If you’ve never used a lens from the Velvet series before, there is a bit of a learning curve to consider. The wider the aperture used, the more softness and glow in the image. The widest aperture marked on the lens is an f/2.5, though the aperture ring can be rotated a bit farther to the "+" marking for an extra ⅓ of a stop of light. When shooting at f/2.5+ the Velvet effect is very strong, which may not work in most traditional applications. While the full stop apertures do click into place, it is still possible to shoot in between stops.  I found the sweet spot with a good visual balance of velvet and detail to be between the marked apertures of f/2.8 and f/4. At the narrower apertures of f/11, f/16, and f/22 the velvet effect reduces drastically and ultimately disappears, allowing for more traditional shooting without changing lenses.

Even at f/5.6 images take on a more traditional feel with less of that dream-like softness.

Applications and Versatility

In terms of practicality, the Velvet 28 is quite a bit more useful than you might expect for a stylized creative lens. Because photographers can choose the intensity of the velvet effect, this lens can be used for a variety of subjects such as travel, product photography, abstracts, macro, street, and landscape photography. With such a wide focal length, the Velvet 28 won’t be the most flattering close-up portrait lens, but with a bit of distance from the subject or just the right angle, it could be used to create dreamy portraits as well. The Velvet 28 is also capable of shooting macro at 1:2 with its extremely close focusing distance of 2 inches — about half the distance of the Velvet 56 and 85. Macro photographers will be able to fill the frame more effectively with their subject while maintaining a nice background blur and glow.

Learning Curve

Before testing the lens in earnest, I spent some time getting a feel for the velvet effect and working on the focus. I rarely use a manual focus lens, so I had to mess with my diopter a bit until I felt like I was getting reliable results. The easiest way to calibrate the diopter and get accurate focus is to turn on live view, dial the focus in at f/4 (where things become a lot sharper), then return to the viewfinder to update the diopter to match. Once your focus is dialed in, you can open the aperture again for the Velvet look.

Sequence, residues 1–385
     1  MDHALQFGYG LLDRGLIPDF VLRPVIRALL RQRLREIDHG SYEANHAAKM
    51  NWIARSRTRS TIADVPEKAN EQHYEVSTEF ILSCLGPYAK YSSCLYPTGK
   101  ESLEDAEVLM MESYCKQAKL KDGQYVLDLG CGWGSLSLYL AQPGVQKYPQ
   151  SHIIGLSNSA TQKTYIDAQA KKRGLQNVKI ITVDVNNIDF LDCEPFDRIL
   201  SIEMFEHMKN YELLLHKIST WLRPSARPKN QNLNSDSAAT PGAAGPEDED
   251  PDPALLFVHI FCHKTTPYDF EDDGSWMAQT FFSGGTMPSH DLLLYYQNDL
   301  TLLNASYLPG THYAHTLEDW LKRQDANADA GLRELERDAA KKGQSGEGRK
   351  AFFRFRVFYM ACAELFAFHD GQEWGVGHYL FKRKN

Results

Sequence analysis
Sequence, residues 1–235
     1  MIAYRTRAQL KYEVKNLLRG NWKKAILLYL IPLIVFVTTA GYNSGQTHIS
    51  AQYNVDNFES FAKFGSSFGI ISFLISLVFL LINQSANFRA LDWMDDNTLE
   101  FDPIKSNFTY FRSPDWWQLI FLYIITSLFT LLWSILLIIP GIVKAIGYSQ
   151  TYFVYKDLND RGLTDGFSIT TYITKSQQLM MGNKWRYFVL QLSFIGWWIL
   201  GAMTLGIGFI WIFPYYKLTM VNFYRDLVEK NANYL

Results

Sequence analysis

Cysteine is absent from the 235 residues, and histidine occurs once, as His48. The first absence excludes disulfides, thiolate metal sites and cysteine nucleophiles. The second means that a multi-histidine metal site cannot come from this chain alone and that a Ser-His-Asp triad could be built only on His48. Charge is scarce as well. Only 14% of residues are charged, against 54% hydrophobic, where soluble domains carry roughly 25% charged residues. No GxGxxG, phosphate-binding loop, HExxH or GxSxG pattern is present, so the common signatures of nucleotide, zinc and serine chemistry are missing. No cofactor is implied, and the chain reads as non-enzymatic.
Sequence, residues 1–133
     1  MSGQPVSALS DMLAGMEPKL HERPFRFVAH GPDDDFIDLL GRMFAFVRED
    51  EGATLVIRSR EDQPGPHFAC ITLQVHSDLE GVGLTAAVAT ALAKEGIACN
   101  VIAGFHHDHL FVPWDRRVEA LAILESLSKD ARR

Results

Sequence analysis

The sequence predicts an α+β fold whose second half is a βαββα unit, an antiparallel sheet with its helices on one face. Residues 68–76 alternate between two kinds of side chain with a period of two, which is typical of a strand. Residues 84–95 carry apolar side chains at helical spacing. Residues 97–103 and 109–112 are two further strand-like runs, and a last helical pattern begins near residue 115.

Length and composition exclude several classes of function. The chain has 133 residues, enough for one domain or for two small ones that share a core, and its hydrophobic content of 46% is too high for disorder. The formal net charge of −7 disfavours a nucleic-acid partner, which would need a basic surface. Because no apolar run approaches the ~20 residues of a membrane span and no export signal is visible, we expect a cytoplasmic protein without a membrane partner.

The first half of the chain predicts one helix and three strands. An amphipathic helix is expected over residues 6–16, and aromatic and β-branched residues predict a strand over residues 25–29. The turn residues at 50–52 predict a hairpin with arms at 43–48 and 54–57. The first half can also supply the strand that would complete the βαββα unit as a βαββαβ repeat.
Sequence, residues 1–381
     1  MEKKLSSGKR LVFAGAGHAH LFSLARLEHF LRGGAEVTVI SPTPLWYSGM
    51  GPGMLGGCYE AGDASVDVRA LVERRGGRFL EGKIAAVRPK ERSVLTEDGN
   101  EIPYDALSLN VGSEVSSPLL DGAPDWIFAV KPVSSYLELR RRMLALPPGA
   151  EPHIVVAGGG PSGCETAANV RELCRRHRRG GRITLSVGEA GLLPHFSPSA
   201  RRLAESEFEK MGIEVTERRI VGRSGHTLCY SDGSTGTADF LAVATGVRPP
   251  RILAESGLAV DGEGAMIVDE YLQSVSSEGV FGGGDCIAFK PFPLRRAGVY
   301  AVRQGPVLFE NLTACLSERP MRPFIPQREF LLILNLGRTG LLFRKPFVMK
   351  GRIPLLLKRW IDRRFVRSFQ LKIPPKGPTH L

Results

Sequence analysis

After playing with some macro subjects at home, I took the lens on a walk around my block, focusing primarily on what was close-by and available: flowers and street scenes. Even after calibrating, I wish the focus was a bit more foolproof. Several times I expected better results than I got and had to try again for the same shot. After shooting with it for a couple of hours, I feel like I have some room to grow in terms of being able to quickly get the shot I have in mind with this lens, though I do think it is worth the effort to improve. I would love to add this unique look to my workflow and I could see myself using the Velvet 28 in the situations where previously I would use my antique lenses.

Some subjects really lend themselves to the soft glow of the Velvet 28. This was shot at f/2.8.

Photos From My Test Run

I took a few series of images, recomposing the same shot at various apertures to get a better sense of how much aperture dictates the glow effect and when the falloff occurs. After shooting with the lens for a while, it became clear that f/2.5+ through f/2.8 have the most softness and dreamy quality. Between f/2.8 and f/4 you get the best of both worlds — dreaminess in the background and clarity in the foreground, and from f/5.6 to f/22 you get a consistent increase of detail and depth of field from stop to stop.

At f/2.5+ this forsythia looks as if I had dragged the clarity slider to the left in Lightroom.

I prefer this level of softness and glow. At f/2.8 it's not quite as jarring.

At f/4 some glow still remains but the contrast and clarity have returned.

At f/5.6 this image could have been taken with any lens.